The Back Yard: Marley’s Darwinian Jungle Saturday, Mar 26 2011 

Look closely on the ground in front of Marley and behold the hapless lizard, murdered at the bloodthirsty paws and teeth of Marley and Sadie.

I wish I could convince Marley the Dog that killing lizards in cold blood serves no useful purpose.

Even though the act of lizard-slaying contributes to the balance of nature, I doubt that a hapless, solitary lizards’ demise alters nature’s course much one way or the other.

Marley doesn’t eat the lizard for lunch, nor does the lizard threaten to eat Marley’s next bowl of dog food, so Marley needn’t defend his senseless act of violence on the grounds of self-preservation.

Alas, poor lizard, and alas, poor Marley: natural creatures striving to do the natural.  Thankfully, no tigers or lions that might do Marley the same natural violence he did the lizard are on patrol in the back yard.

 

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Wisteria gone wild Tuesday, Mar 22 2011 

Color Explosion: Lavender , green , and blue

For a week or so every spring, blooming Wisteria electrifies the backyard with  florid cascades of green and lavender, billowing from a central root core and then sprawling the length of the hedge and fence in both directions across the width of the lot.  At peak bloom, a swarm that must amount to hundreds of bumblebees buzzes and drones amid the blossoms, creating a sensory experience laden with color, fragrance, and sound.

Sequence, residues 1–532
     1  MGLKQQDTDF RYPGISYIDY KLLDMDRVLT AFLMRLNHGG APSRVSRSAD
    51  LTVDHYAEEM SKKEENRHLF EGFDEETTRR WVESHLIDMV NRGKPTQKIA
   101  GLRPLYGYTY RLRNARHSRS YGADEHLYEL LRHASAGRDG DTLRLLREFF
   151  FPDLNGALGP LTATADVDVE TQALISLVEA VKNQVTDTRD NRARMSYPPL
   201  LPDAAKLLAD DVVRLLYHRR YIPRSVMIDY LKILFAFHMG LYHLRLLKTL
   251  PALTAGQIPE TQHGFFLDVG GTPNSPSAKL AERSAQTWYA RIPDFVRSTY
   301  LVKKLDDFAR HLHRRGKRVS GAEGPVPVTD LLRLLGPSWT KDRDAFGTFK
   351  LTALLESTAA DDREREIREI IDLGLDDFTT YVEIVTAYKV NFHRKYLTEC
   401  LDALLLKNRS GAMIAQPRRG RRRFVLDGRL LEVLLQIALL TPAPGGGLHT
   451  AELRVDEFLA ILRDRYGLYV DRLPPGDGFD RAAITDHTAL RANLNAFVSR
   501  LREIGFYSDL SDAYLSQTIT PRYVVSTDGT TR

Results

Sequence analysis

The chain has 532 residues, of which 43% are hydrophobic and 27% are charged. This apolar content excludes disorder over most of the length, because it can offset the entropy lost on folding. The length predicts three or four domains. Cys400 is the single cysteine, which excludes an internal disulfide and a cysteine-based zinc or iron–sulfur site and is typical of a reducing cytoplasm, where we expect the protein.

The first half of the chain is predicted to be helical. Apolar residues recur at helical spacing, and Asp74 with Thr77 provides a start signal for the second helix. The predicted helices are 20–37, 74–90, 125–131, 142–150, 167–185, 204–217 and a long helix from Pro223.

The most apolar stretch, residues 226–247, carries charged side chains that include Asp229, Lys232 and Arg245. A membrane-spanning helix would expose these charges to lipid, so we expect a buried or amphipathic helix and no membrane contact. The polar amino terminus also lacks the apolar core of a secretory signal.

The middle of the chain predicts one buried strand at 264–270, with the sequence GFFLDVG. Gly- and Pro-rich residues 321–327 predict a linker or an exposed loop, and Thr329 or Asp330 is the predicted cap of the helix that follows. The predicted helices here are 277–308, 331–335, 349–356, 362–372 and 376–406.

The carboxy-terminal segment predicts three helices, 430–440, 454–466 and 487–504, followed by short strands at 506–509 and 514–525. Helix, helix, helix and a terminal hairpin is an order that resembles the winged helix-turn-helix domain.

Vines crawl along the fence and hedge the width of the yard.

Bee-ware of bee-loud bees.

Of Little Girls and Puppy Dogs Sunday, Mar 20 2011 

This picture is some months old.   I’ll love it forever.

Payton Elizabeth decided Marley the Dog’s sprawling pose was worthy of emulation, so she got down on the kitchen floor and spread herself out much in the manner of the pooch.

Whether Payton fancied herself a puppy dog or Marley fancied himself a person remains a matter of debate.

Thank God for little girls and puppy dogs!

A Productive Evening: Why I Love DST Friday, Mar 18 2011 

Too happy to be tired this time of year.

Today I spent a full day in the office.

Ho-hum.

Then I came home and accomplished the following:

  • took Sadie the Dog for a 1.2 mile walk.
  • did 140 crunches
  • ate supper on the patio
  • played with the dogs (their favorite games: the tug of war rope and chase the tennis ball)
  • went to Walmart with Sarah to get some plants for the patio
  • edged the driveway and trimmed the ditch